Epidemiological based surveys are essential for properly quantifying the public health consequences of landmines. The results of such studies facilitate the allocation of resources and aid in evaluating the impact of interventions. The development of standardized survey tools will help to ensure that data collection proceeds according to appropriate scientific methods and allow the comparison of data between differing regions and countries.
Two core tools were developed by:
- World Health Organization
- Physicians for Human Rights (PHR)
- International Committee of the Red Cross
- Injury Control Center-Uganda
- London School for Hygiene and Tropical Medicine
- ICBL Member Organizations
These core tools measure the morbidity and mortality associated with landmine injuries and collect information on demographics, device type, pre-hospital care, transportation time and treatment. The first tool is a hospital surveillance survey that integrates into a broader WHO injury surveillance system. The second tool is a community survey undertaken with WHO disease specific sampling techniques. These tools are for data collection as part of an ongoing surveillance system or as sample surveys that are repeated over time. WHO is coordinating the pilot testing of these tools in collaboration with the above mentioned organizations. We hope that these tools will identify areas where landmine injuries are a significant problem and thus target regions where more intensive Level 1 Surveys and other interventions should be undertaken.
PHR and other ICBL members have also developed an additional set of tools to measure:
- Pre-hospital care and hospital capabilities
- Prosthetic capabilities
- Rehabilitation and social reintegration of landmine victims
The participants in this project encourage Landmine Monitor, UNMAS and other governmental or non-governmental organizations to use these tools or modify then as they see fit. They can be used to supplement the findings of a Level 1 Survey or provide data on areas that require further humanitarian mine action assessment. The tools are formatted for the Epi-Info system in order to facilitate data entry and centralized analysis. They were meant to be easy to use and inexpensive to administer.
WHO with the help of PHR and other organizations will shortly publish a users manual with specific instructions on sampling, data entry and analysis. This manual will provide detailed instructions on answering questions and give interviewer techniques to avoid nonessential and possibly negative interactions with landmine victims.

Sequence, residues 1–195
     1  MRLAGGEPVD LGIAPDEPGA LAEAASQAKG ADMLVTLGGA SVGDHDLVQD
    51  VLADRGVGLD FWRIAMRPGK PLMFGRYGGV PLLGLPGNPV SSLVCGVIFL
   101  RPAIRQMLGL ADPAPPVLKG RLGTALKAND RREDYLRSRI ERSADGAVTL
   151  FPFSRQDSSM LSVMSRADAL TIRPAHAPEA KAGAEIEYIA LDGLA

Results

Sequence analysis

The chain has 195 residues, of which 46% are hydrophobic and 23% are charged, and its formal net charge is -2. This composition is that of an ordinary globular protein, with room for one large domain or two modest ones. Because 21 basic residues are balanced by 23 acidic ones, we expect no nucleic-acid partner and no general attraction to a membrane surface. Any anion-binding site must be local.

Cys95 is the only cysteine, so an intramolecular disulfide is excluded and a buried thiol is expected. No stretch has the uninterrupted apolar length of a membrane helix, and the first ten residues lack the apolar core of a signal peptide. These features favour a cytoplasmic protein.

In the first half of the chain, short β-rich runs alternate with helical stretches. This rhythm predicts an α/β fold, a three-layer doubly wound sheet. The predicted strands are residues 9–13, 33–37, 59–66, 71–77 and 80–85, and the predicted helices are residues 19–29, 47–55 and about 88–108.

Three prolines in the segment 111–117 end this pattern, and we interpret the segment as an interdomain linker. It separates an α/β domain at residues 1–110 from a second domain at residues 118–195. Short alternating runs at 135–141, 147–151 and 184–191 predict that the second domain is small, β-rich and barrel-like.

Core Survey Tools
Hospital Surveillance of Landmine Injuries:
This tool easily integrates into a WHO injury surveillance system. The goal is to establish a global reporting system where injury data is collected and then transmitted either to centers in Ministries of Health or to international organizations that are responsible for the analysis and dissemination of data. This tool records data on landmine victims at the time they present to a hospital or, if proper records are available, from operating room records and patient charts. In addition, this tool can establish baseline information for repeat surveys undertaken at intervals in the future.
Community Survey of Landmine Injuries:
This survey tool allows for sampled analysis of mine-affect areas and provides information regarding case fatality rates, incidence, prevalence, and the effect landmine injuries have on communities. By using the WHO-EPI cluster technique and random sampling, accurate and scientific data collection can be undertaken to minimize the expenditure of resources, time and money.
Secondary Survey Tools
Country Capacity Overview
This tool collects national data on populations, health facilities and landmine affected regions. The information collected helps to administer the other surveys.
Community Key Informant Survey
This tool collects data from interviews with community leaders or village chiefs to determine areas most affected by landmines and to help determine sample sites for the Community Survey.
Hospital Capability Survey
This tool assesses the capacity of hospitals providing surgical care in regions affected by landmines. The data collected will help in the allocation of donor funding for specific projects or to individual facilities in need of necessary equipment and supplies.
Orthopedic/Rehab Center Capability Survey
This tool assesses the capacity of orthopedic and rehab centers in order to determine where improvements and resources are needed.
Rehabilitation and Social Reintegration Survey
This survey tool randomly samples landmine victims based upon hospital or orthopedic and rehab center records. The information provided will help in determining the specific needs of individuals and the effectiveness of on-going rehabilitation programs with respect to the type of injury, prosthetic care, housing, education, employment and rehabilitation.